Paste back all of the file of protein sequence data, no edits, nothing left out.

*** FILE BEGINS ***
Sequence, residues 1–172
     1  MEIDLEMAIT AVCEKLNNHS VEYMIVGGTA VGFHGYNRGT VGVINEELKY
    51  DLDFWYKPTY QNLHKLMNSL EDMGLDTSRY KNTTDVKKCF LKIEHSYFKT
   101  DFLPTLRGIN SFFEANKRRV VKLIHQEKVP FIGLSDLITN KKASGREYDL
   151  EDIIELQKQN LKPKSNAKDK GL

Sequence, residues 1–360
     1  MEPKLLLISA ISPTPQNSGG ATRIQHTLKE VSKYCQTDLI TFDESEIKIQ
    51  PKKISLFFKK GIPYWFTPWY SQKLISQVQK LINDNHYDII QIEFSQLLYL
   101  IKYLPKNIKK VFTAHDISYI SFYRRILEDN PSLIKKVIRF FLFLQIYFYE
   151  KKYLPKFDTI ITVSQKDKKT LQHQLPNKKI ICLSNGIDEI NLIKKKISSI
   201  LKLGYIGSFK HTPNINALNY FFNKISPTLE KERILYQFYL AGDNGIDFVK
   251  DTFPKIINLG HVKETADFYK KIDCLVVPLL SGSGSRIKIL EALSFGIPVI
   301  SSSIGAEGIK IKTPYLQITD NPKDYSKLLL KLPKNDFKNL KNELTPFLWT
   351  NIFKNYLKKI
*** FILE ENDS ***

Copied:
Sequence, residues 1–172
     1  MEIDLEMAIT AVCEKLNNHS VEYMIVGGTA VGFHGYNRGT VGVINEELKY
    51  DLDFWYKPTY QNLHKLMNSL EDMGLDTSRY KNTTDVKKCF LKIEHSYFKT
   101  DFLPTLRGIN SFFEANKRRV VKLIHQEKVP FIGLSDLITN KKASGREYDL
   151  EDIIELQKQN LKPKSNAKDK GL

Sequence, residues 1–360
     1  MEPKLLLISA ISPTPQNSGG ATRIQHTLKE VSKYCQTDLI TFDESEIKIQ
    51  PKKISLFFKK GIPYWFTPWY SQKLISQVQK LINDNHYDII QIEFSQLLYL
   101  IKYLPKNIKK VFTAHDISYI SFYRRILEDN PSLIKKVIRF FLFLQIYFYE
   151  KKYLPKFDTI ITVSQKDKKT LQHQLPNKKI ICLSNGIDEI NLIKKKISSI
   201  LKLGYIGSFK HTPNINALNY FFNKISPTLE KERILYQFYL AGDNGIDFVK
   251  DTFPKIINLG HVKETADFYK KIDCLVVPLL SGSGSRIKIL EALSFGIPVI
   301  SSSIGAEGIK IKTPYLQITD NPKDYSKLLL KLPKNDFKNL KNELTPFLWT
   351  NIFKNYLKKI